The University wants to ensure we are keeping those currently most at risk informed, without stigmatizing them or letting others become complacent. Misinformation and disinformation are both detrimental to our community wide response efforts. We are actively engaging different stakeholders on campus including the Gender and Sexuality Resource Center (GSRC), various sororities and fraternities, University Housing and Campustown bars and restaurants to offer targeted and appropriate educational messaging.

Monkeypox has been incorrectly portrayed in the media as a sexually transmitted infection (STI). According to the Centers for Disease Control (CDC), “monkeypox can spread to anyone through close, personal, often skin-to-skin contact, including direct contact with monkeypox rash, scabs, or body fluids from a person with monkeypox, touching objects, fabrics (clothing, bedding, or towels), and surfaces that have been used by someone with monkeypox, and contact with respiratory secretions.”

Due to the nature of transmission, intimate contact with multiple sexual partners may increase your risk of exposure to the monkeypox virus. The current outbreak has primarily affected sexually active men who have sex with men, placing these communities at a higher risk of exposure to the monkeypox virus. Last week, World Health Organization (WHO) Director-General Tedros Adhanom Ghebreyesus declared the current outbreak a public health emergency of international concern and recommended targeted interventions “to design and deliver effective information and services, and to adopt measures that protect the health, human rights and dignity of affected communities,” and reminded that “stigma and discrimination can be as dangerous as any virus.”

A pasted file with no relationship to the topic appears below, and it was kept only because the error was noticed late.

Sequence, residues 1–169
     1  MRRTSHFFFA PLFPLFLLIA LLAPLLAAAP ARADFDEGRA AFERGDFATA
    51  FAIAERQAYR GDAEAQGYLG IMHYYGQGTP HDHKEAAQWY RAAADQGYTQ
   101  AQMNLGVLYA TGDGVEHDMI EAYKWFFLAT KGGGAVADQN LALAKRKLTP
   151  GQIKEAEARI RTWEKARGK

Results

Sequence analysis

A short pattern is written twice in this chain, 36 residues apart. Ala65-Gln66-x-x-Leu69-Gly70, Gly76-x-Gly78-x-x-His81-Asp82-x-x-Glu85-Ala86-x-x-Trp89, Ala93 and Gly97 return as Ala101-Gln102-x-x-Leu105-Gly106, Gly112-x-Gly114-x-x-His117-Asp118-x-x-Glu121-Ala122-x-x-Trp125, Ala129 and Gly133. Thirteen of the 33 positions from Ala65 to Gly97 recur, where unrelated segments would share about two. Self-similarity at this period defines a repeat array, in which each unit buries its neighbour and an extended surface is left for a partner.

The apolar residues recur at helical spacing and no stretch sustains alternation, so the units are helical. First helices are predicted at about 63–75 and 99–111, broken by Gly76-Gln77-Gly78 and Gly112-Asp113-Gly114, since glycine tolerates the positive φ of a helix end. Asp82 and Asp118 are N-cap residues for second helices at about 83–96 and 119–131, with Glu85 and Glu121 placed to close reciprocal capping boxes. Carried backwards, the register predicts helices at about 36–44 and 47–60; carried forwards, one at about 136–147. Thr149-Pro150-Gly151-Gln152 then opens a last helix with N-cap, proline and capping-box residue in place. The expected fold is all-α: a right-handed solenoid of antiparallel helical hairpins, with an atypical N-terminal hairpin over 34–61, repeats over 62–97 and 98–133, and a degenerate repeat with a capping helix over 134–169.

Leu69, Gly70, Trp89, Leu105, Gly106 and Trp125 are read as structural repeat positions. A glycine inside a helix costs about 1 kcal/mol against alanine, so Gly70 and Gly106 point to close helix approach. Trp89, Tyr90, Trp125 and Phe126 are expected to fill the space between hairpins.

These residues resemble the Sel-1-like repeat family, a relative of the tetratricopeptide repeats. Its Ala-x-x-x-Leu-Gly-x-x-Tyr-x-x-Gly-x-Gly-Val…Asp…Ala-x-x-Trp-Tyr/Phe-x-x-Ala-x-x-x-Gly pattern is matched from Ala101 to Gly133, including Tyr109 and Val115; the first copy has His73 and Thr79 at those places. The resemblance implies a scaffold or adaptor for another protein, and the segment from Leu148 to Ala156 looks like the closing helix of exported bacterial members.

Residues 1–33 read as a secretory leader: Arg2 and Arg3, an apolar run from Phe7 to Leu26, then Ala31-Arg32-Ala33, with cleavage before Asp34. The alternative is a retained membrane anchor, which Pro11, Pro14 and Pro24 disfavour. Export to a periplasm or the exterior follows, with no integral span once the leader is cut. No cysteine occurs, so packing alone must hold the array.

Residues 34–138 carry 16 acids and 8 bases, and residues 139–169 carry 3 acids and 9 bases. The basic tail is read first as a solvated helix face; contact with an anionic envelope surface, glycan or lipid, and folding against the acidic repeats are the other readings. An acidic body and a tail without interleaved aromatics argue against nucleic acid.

Whether in the form of LGBTphobia, gender bias, anti-Semitism, racism, sexism, Islamophobia, religious intolerance, or any of the too many other ways some in our society invent to marginalize or devalue others—this University will never tolerate hate, discrimination, or violence.

At this time, the University of Illinois Urbana-Champaign is not requiring testing or vaccines for monkeypox---why is that?
The University follows guidance from the Centers for Disease Control (CDC), the Illinois Department of Public Health (IDPH), and the Champaign Urbana Public Health District (CUPHD) regarding our response to Monkeypox (MPV). Currently, there are no recommendations from these organizations for required general testing or vaccinations. That said, through targeted messaging to prevent the spread of the outbreak, we are encouraging anyone with symptoms or exposure to reach out to McKinley Health
Center for an assessment and follow-up. McKinley Health Center can test for Monkeypox and facilitate vaccinations for high-risk exposures.

Do you have any plans to implement MPV testing regulations for future semesters?
The Monkeypox outbreak is evolving, and we are in constant communication with the Illinois Department of Public Health (IDPH) and the Champaign Urbana Public Health District (CUPHD). The University’s future Monkeypox response will be based on recommendations from the Centers for Disease Control (CDC), IDPH and CUPHD.


If you have any questions that are not addressed in the information above, please email:



Tuesday, August 9, 2022 - 15:30